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Provable Security against Physical Attacks
Physical attacks are cryptanalytic attacks against physical implementations of cryptosystems that exploit some kind of information leakage from the cryptodevice during its execution (called side-channel attacks) or intentionally introduced errors to the computation (called tampering attacks). Traditional cryptographic security notions (which are mostly from the early eighties) do not provide any security guarantee against such attacks. And in fact many, if not most, cryptanalytical attacks on lightweight cryptographic devices like smart-cards or RFID-tags we've seen in the last few years were physical attacks. Not surprisingly, much research has concentrated on finding countermeasures against physical attacks. But only more recently, formal models where proposed which adapt the design principles of modern cryptography to the setting of physical attacks. That is, one requires that a cryptosystem is proven secure against all adversaries in a broad and well-defined attack scenario (as opposed to specific attacks). This research on "provable security against physical attacks" has become a very active area in the last two years. In this workshop, we for the first time brought together cryptographers working on provable security and applied research working on physical attacks.
One goal of this workshop was to make practitioners aware of the work that is currently going on in the crypto community. We've had several survey talks outlining most of the recent work. In the other direction, we've had many talks by practitioners teaching theoreticians about practical aspects of physical attacks. Besides the regular talks, we've had a rump session featuring many short talks about latest research in the amazing faculty club in Leiden.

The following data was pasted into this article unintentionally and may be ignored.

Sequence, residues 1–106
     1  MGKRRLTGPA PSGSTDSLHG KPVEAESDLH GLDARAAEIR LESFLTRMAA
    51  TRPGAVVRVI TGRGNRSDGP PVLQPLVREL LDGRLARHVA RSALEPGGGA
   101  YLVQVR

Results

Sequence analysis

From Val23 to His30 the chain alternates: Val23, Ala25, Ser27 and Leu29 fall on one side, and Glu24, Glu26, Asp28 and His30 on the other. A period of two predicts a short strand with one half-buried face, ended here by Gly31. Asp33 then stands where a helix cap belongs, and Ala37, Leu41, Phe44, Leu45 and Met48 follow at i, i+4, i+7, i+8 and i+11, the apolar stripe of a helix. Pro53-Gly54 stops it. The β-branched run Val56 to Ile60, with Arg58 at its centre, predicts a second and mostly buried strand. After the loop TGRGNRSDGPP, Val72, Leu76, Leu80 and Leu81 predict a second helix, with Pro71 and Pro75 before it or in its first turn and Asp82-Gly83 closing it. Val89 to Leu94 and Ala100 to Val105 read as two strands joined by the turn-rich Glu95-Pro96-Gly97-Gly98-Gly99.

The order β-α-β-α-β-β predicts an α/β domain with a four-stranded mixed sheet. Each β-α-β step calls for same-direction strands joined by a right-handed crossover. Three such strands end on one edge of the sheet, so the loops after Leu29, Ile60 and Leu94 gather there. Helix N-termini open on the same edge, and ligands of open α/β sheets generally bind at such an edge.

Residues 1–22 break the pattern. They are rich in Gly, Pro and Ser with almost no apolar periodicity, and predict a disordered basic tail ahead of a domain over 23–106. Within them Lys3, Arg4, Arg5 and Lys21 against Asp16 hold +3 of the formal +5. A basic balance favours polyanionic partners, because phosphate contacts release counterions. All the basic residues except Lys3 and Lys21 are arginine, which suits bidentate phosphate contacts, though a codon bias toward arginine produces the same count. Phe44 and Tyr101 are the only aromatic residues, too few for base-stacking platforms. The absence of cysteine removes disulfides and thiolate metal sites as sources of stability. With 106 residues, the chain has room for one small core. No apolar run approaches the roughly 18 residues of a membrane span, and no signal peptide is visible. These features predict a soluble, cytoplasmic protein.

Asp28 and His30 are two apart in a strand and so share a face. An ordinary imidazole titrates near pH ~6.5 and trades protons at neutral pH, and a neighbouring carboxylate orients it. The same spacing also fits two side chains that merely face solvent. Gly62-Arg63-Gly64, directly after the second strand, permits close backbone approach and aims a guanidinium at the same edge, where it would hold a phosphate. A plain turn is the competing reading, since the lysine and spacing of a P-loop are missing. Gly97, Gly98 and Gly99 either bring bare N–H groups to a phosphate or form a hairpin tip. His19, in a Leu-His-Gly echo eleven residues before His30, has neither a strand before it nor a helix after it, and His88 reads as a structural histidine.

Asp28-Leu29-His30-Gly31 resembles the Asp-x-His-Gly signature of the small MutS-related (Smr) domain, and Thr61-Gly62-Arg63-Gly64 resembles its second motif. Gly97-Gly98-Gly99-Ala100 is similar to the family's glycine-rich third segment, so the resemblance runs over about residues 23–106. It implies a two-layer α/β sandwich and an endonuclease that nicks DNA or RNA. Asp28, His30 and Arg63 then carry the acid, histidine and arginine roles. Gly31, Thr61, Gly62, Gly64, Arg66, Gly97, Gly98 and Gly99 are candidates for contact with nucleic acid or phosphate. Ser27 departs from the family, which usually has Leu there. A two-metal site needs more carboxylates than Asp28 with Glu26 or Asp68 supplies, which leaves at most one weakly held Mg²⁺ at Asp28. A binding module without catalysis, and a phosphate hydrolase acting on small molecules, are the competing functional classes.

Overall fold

A particularly successful event was our panel discussion on "models for physical attacks", where theoreticians and practitioners discussed the right assumptions and models of physical attacks. We learned a lot from this interaction. Many misconceptions and misunderstandings that were around were clarified.
This workshop was a success on many levels and a first follow-up meeting (with roughly one dozen people) already took place in Leuven, April 22-24th.
The Lorentz Center was an excellent setting for our workshop. The feedback from both the workshop participants and speakers was very positive! The organizers are very grateful to the Lorentz Center for helping us to organize this very interesting and productive workshop.